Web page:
Editor’s Note: Heliopolis is continuing our coverage of this contentious city development issue because it is an important case against which we can measure our ability to uphold a vision for our community and see it through to practice, even with enormous pressure for the city council, which meets today, Monday, May21st and Tuesday, May 22nd at 3:00 pm (at 505 Travis Street) to do the “easy” thing and let the business owner’s current project status dictate the outcome. With that, we welcome guest writer and Pierremont resident, Rachael Hansil, so she can tell you in her own words why this is important to her and her husband Rich.

When I wanted to move home to Shreveport, my husband agreed… with one condition: we live in an area where we could easily walk to grocery stores, coffee shops, and restaurants. In Shreveport, this is a difficult ask, but we found that perfect neighborhood in Pierremont on Dillingham Ave. It was close to amenities, while still maintaining a neighborhood feel.

A few years ago, a local restaurant decided to buy the home next door to its property and then demolished it and put out gravel for a parking lot (Illegally, because the lot is still zoned residential). It was an eyesore, and as a neighborhood, we weren’t too happy about it, but we didn’t kick up a fuss. This past year, the same restaurant bought the next home down and demolished it. We’re told it’s for parking lot expansion, but the restaurant already has well over the required amount of parking spaces (under both the old and new codes). He also owns commercially zoned property on the other side of his restaurant along Line Ave that could be used, rather than knocking down family homes.

The unused lot zoned as business, adjacent to Superior Grill, owned by the same owner.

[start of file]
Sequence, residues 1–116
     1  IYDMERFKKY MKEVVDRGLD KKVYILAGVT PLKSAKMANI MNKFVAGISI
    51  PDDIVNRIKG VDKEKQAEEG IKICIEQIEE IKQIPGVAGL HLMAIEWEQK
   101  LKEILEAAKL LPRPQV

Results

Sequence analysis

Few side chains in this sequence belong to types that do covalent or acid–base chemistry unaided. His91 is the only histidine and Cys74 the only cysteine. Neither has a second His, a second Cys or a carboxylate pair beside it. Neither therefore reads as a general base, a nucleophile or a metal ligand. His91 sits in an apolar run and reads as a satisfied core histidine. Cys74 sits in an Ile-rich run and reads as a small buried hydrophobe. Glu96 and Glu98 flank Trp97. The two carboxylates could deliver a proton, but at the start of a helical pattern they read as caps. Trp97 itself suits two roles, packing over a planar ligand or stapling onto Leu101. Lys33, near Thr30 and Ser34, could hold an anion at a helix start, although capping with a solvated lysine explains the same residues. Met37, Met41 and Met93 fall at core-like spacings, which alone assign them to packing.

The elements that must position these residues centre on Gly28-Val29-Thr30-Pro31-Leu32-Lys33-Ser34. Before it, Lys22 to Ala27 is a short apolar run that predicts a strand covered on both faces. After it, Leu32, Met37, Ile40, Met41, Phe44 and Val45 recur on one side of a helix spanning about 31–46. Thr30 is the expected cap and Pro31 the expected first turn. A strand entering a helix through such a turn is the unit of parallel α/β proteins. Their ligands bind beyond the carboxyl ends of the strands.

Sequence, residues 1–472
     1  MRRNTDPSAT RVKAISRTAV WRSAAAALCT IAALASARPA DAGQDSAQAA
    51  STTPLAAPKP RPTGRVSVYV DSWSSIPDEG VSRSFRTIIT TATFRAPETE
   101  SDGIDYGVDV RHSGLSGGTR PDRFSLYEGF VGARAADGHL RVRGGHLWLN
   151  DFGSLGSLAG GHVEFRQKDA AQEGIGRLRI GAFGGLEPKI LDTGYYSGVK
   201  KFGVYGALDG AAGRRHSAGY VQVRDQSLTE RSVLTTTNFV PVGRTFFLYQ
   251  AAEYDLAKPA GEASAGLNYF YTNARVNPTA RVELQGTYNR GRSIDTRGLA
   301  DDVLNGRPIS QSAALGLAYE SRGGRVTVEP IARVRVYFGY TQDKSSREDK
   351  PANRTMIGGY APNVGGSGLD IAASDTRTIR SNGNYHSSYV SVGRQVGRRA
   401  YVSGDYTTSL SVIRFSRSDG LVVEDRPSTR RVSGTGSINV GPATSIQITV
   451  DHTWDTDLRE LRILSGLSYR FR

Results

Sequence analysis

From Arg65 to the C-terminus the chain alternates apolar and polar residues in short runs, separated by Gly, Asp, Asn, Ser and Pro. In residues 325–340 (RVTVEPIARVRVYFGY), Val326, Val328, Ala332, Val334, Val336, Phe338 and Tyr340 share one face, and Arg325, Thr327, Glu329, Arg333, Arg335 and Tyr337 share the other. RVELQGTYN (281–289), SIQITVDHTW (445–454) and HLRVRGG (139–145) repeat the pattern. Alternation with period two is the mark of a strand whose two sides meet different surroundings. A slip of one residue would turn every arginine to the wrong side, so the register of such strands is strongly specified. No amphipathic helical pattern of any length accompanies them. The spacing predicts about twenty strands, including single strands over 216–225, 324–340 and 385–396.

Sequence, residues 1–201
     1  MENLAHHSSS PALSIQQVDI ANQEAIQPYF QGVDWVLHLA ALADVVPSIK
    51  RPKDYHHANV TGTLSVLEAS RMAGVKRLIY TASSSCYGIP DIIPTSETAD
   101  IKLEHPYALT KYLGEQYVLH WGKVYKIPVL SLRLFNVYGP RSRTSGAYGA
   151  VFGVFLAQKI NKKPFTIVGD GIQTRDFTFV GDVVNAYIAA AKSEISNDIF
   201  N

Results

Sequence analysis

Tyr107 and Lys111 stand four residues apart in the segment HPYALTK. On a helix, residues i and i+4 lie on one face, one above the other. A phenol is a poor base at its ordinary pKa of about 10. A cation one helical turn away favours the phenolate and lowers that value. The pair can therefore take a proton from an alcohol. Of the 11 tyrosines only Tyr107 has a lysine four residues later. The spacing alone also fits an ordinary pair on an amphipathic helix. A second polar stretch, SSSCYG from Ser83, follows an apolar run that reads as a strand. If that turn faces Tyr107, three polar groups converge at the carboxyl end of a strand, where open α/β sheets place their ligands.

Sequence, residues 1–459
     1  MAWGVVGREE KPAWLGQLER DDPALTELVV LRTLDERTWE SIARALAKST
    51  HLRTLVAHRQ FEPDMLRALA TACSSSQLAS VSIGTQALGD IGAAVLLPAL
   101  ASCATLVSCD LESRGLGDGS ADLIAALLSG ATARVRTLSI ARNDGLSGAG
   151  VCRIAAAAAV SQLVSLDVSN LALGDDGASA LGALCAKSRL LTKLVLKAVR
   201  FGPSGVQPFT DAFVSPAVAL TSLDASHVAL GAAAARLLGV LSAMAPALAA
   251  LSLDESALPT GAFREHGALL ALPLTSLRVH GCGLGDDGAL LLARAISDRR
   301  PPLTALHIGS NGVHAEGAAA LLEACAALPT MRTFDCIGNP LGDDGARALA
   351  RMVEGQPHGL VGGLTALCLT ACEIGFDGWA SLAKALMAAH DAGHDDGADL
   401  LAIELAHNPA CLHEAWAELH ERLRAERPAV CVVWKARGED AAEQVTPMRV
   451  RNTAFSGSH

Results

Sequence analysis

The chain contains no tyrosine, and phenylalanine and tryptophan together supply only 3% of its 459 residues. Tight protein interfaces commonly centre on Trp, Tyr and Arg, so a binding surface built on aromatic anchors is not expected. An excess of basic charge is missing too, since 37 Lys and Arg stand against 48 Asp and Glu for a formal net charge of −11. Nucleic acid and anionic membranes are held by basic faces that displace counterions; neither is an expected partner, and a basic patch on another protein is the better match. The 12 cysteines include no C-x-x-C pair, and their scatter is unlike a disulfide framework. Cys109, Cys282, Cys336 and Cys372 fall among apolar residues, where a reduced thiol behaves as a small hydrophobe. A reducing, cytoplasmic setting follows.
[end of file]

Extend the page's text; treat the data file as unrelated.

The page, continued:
On a recent KTBS story, the restaurant’s lawyer described these homes as “dilapidated structures.” While they weren’t million dollar homes in a gated community, they were a far cry from dilapidated. Our neighborhood is varied. We have rented duplexes and $300k plus homes, and that’s okay. Who were they to say these homes weren’t worth living in?

At this point, we had had enough. Two of our neighborhood homes had been leveled, and the owner expressed interest in purchasing another home in the neighborhood. The zoning violations were reported, but in return, the restaurant petitioned to have the lots rezoned. They have the means to purchase and demolish homes with impunity, so what could we do?

It turns out we could appeal the rezoning to the MPC (Metropolitan Planning Commission), and we did just that. Many of us went to speak at the MPC meeting, to oppose the rezoning. We were told things like, “It’s going to be a really good looking parking lot,“ “It’ll lessen traffic on your street,” and “It’ll be safer,” but without any real data to back up those claims. We also learned that the MPC doesn’t have the authority to enforce stipulations on the build. When a board member asked the restaurant’s lawyer how he would enforce stipulations that the MPC can’t, he responded with, “I’m bigger than him.” I found that answer to be insulting. Both homes that back up to the proposed parking lots have young children. This is not a joke to us.

This barrier was constructed on Drexel Drive nearly 20 years ago at the demand of neighbors because cars were tearing up lawns and destroying property.

For us residents, the meeting was fruitless. The MPC voted unanimously to approve the rezoning of the lots to an Urban Corridor. It turns out, an Urban Corridor is not limited to a parking lot. According to the Shreveport UDC, ”the C-UC Urban Corridor Commercial Zoning District…offer flexibility to developers and property owners in creating a mix of commercial, office, and residential spaces”. Which means he, or whomever he may choose to sell the former homes to, can build whatever he wants. The case now moves on to the city council, and we’ll be there to plead our case.

We feel that keeping our neighborhood intact is more beneficial to the community than the expansion of one man’s empire. There is commercially zoned property –some of which Superior already owns – available for expansion, without encroaching into the neighborhood. We are nurses, veterans, retirees, small-business owners, moms, and dads who contribute to the tax base and who chose to live in this neighborhood. While many have chosen to move to the outskirts of the city and beyond, we have chosen to stay in the heart of the city and patronize the local businesses along the Line Ave area. We are people who want to keep Shreveport alive and put our money where our mouth is. One man should not be allowed to dictate the future of our neighborhood.